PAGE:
“What a disaster, Grant. Lala, the City captain, is trying to reason with the referee. Sammy Connelly is still among the rival fans trying to pull the fallen girl out before she’s trampled. It shouldn’t be left to one of the players to do that but the Black Bands are stomping over anything as they press in. In all my years of football commentary, never has it come to this.”

“Sammy Connelly has the little girl. He’s pushing through the City crowd. Most days they would be wanting to lynch him, jeering and spitting at him but today they are following him. The Black Bands have hit hard and heavy. The only place left to run is the pitch.”

“They are going to need to bring this into some kind of order, Harry. This can’t go on.”

“Where does it end, Grant? Sammy Connelly is carrying the little girl onto the pitch away from the brutality. If that was her father she was with, she has just seen him being beaten unconscious and dragged away. The referee, Murphy, is calling to Sammy. He’s showing a red card but in a real twist of events it is City midfielder Fang who is protesting it on Sammy’s behalf. The little girl is just covered in blood. Her own blood, her father’s blood, it doesn’t matter. The Black Bands have stained the City badge today.”

***

By the time I got there, the game had finished. The final thirty minutes were a complete farce. There were mounted patrols of Black Bands everywhere. The horses they used were larger, sturdier than CPD riot patrols. They were war horses.

The route leading to Starkland Park was filling fast. People had learned of the incident and came in search of loved ones they hoped had not gotten caught up in it. I have never been in a war situation before. I’m not a military man nor could I pretend to be, but as the crowd pushed around me, saying nothing, only expelling frosty breath, I got the sense of the kind of tension experienced before a first charge. The force was ill-equipped and outnumbered by their enemy.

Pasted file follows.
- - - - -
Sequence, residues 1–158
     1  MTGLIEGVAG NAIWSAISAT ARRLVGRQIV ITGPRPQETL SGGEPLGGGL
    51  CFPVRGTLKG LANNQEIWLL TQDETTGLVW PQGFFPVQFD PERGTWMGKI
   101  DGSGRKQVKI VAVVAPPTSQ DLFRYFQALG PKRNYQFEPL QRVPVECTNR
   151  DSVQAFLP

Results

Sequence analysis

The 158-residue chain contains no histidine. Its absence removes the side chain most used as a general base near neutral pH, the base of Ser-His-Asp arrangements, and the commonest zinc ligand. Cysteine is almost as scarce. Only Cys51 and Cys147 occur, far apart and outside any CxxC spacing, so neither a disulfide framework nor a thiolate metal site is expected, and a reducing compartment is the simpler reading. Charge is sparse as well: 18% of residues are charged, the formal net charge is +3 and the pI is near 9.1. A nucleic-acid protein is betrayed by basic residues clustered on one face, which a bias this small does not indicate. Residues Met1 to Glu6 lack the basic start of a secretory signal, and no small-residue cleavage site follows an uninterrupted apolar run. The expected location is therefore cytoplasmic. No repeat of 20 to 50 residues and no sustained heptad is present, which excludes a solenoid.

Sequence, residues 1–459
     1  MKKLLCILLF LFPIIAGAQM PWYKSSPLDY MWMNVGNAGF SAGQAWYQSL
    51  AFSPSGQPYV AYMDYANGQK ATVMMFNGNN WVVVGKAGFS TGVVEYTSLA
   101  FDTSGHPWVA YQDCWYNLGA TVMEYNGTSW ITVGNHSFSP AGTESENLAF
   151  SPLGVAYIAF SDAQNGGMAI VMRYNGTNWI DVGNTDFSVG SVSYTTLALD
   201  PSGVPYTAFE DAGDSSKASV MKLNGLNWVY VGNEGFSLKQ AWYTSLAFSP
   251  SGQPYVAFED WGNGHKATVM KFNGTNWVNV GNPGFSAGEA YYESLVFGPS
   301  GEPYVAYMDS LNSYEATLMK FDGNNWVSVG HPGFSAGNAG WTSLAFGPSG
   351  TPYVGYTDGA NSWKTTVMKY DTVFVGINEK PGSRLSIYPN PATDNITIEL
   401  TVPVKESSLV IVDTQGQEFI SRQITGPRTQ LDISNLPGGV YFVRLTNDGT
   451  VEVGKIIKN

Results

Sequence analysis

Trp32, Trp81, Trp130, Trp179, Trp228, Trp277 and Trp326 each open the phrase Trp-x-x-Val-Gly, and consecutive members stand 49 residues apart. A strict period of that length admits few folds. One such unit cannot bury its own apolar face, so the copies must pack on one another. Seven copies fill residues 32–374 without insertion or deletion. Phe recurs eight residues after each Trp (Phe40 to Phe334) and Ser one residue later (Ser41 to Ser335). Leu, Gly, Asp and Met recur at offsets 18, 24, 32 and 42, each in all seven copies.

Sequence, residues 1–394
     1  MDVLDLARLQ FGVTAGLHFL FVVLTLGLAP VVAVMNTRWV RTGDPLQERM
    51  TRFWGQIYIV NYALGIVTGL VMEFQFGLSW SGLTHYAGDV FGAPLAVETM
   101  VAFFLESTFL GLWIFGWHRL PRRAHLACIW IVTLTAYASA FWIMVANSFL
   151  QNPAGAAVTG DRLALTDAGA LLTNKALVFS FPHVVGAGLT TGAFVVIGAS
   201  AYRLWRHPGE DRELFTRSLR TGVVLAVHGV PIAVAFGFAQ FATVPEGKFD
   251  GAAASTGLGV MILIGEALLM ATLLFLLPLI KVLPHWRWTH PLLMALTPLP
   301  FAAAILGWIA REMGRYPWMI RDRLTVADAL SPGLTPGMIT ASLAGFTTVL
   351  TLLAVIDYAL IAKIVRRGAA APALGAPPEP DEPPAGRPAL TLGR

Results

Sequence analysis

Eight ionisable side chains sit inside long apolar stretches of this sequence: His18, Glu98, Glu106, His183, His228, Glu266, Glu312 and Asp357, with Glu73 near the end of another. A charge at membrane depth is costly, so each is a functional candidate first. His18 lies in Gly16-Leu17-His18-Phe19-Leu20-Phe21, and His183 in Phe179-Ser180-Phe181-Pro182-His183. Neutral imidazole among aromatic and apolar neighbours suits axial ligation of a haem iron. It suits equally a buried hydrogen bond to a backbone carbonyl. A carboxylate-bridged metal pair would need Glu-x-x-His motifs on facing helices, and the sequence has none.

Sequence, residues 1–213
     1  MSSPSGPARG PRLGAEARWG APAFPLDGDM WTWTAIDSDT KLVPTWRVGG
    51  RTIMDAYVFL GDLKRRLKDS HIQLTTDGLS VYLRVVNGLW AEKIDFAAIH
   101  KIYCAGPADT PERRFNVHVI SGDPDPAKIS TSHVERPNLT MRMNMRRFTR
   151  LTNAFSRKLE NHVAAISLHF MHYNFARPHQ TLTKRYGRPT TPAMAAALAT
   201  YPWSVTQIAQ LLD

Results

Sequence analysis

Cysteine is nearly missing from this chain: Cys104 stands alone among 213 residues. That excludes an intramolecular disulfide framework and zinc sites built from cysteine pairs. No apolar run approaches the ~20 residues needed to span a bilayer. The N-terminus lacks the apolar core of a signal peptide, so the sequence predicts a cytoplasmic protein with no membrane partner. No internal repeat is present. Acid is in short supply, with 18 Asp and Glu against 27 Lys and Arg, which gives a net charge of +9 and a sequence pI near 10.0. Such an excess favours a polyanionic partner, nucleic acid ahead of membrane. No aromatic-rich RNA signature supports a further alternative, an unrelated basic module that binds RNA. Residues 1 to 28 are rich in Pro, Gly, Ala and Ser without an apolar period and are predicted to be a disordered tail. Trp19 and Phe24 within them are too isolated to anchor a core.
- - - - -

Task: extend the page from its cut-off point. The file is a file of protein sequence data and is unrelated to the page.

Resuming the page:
The click of horses hooves along the freshly paved grounds of Starkland were like the ticking of a bomb. One passed. A huge man they called Monsta’. There was an unbearable hush. Click. Click. Click. A snort of the huge horse he rode. No one dared call to them. Live television had already entered homes around the city to show what the Black Bands were willing to do.

Monsta’ stopped his horse. I raised my phone. He turned his gaze to me.

Click.


Enjoy this?

Complete Season 1 of the Knock Knock series is free to read here on Vivika Widow. com or click below download for Kindle

Care to discover the true whereabouts of the Knock Knock Baroness? Tawny was last seen as a resident of the Shady City’s premier rehab clinic. Check out Vivika Widoow’s hit thriller Harbour House. Free on Kindle Unlimited.

Pioneering Dynasty: Owen Inc

Location: Great States

Features in: KNOCK KNOCK ; HARBOUR HOUSE ; PURPLE RIBBON

“An Owen never misses a target.”